I waited in line for four hours (in the drizzling rain and pregnant, no less) to see the Public Theater’s recent production of “Julius Caesar”at Shakespeare in the Park.
At the time, I had not heard about the production’s modern take on Julius Caesar as Trump, but I did suspect that they would take some kind of contemporary approach, given the play’s themes of political upheaval, the role rhetoric and media play in public opinion, and (un)justified violence. It's a theme some people are already connecting to the recent shooting of a Republican congressman. Many have responded positively to the Trump-as-Julius-Caesar adaption. Others have found it inappropriate (Delta and Bank of America recently pulled their sponsorships over the controversy.)
Regardless of the sweep of responses, it is important to note that what the Public did — adapting a historical play to comment on a contemporary ruler — is nothing new. In fact, it was precisely what Shakespeare was in the business of doing.
During Shakespeare’s lifetime, Queen Elizabeth, her successor, King James, and various members of the nobility all sponsored theater troupes, who put on public and private performances. Those sponsorships were similar to what Delta, Bank of America and others offer today, though they also suggested a sort of reciprocity between the patron and the playwright. In England, the monarchs and nobles also held the licenses to play, without which actors could not perform, and they had significant control over the official censor, known as the “master of the revels."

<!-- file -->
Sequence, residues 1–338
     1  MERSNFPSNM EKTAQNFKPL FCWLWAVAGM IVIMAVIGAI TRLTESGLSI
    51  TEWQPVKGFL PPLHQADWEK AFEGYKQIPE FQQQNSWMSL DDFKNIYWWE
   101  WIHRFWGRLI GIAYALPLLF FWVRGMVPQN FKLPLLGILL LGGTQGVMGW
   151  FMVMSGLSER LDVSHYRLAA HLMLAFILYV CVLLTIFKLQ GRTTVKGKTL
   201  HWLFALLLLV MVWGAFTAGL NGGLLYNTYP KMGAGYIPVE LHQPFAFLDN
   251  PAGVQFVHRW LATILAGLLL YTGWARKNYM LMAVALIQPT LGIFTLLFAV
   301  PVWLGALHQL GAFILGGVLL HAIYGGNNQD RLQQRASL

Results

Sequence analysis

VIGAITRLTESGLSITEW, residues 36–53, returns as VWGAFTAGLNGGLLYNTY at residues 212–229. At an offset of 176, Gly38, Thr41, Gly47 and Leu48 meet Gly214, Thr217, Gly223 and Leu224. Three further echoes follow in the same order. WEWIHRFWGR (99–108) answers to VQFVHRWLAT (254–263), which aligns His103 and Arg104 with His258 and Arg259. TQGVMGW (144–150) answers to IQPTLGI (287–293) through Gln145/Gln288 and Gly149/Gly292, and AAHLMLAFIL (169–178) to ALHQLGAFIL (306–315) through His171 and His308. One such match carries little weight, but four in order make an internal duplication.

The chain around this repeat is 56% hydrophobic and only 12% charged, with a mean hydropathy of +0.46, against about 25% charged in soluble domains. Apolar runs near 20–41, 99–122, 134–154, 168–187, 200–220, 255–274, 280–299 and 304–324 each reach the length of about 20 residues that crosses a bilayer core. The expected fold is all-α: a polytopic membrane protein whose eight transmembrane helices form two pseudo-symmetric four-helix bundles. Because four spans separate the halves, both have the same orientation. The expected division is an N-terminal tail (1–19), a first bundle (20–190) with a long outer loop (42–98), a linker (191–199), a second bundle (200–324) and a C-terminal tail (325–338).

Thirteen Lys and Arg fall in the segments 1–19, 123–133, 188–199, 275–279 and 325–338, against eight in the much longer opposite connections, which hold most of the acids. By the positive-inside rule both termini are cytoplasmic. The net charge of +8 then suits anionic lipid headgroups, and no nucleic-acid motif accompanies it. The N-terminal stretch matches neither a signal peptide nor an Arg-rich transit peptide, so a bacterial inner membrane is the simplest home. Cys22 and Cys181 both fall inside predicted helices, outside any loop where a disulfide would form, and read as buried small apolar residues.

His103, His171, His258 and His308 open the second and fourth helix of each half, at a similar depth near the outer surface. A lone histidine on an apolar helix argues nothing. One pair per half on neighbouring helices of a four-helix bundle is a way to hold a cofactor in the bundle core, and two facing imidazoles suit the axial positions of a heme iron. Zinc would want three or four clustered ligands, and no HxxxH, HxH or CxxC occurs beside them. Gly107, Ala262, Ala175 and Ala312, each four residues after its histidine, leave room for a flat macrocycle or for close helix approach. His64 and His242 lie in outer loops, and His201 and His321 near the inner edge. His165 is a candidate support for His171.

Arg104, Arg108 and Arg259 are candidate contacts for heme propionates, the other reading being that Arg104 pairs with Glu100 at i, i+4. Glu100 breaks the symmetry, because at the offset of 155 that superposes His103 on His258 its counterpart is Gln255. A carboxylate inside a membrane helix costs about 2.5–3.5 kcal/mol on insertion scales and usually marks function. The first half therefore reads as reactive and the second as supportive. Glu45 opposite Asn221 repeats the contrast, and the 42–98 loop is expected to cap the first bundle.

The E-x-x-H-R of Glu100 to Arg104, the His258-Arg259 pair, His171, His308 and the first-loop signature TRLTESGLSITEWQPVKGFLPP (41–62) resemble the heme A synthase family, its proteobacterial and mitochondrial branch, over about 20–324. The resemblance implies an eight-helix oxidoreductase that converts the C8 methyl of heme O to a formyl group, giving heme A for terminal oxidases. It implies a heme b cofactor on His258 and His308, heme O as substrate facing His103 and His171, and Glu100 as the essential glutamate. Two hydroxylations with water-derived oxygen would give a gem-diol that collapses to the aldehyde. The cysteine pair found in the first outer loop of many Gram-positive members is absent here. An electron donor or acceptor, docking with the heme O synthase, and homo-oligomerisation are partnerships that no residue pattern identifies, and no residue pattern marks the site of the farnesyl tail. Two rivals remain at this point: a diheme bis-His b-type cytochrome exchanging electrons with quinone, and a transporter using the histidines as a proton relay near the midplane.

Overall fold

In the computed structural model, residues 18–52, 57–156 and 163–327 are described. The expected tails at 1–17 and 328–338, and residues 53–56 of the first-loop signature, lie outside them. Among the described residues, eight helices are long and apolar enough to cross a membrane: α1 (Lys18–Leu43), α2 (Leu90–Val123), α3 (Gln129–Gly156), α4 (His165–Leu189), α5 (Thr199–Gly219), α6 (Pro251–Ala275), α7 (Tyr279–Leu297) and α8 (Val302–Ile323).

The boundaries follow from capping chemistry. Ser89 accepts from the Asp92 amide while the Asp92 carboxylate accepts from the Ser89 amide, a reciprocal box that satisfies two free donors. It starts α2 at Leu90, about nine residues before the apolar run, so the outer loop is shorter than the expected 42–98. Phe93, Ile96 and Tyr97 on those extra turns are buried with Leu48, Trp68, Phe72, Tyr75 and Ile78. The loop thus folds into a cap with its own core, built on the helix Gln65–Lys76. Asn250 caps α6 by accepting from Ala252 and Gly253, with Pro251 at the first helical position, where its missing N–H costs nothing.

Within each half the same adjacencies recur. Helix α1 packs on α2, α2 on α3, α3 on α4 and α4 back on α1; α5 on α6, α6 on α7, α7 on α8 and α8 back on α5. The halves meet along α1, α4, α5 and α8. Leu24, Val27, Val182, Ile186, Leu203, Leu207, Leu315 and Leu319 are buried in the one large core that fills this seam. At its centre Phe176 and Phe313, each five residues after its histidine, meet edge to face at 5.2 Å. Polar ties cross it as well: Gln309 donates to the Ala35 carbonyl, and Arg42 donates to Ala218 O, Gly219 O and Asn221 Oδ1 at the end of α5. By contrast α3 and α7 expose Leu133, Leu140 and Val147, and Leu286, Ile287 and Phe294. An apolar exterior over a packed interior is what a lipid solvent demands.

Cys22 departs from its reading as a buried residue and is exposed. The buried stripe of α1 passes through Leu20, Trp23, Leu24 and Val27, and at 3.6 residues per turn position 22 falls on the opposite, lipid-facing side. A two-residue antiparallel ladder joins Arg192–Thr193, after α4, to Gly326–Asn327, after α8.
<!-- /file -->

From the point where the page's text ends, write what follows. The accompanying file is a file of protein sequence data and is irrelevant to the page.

Technically, it was illegal to portray a living monarch onstage at all, as rulers feared that the portrayals would not be flattering. To allow actors and playwrights to have such control over their public personas — personas that, believe it or not, were even more crafted and guarded than those of most rulers today — was simply too risky.
Consequently, all plays were vetted by the master of the revels. If a troupe performed an unlicensed or censored play, a hefty fine or jail time ensued. In just one example, a contemporary author of Shakespeare’s time was sent to the Tower for “fetch[ing] a storie 200 yere olde, and publish[ing] it this last yere, intendinge the application of it to this tyme.” (Only one of Shakespeare’s plays was not licensed, one about Sir Thomas More that was likely censored because of its too-true-to-life depiction of public riots.)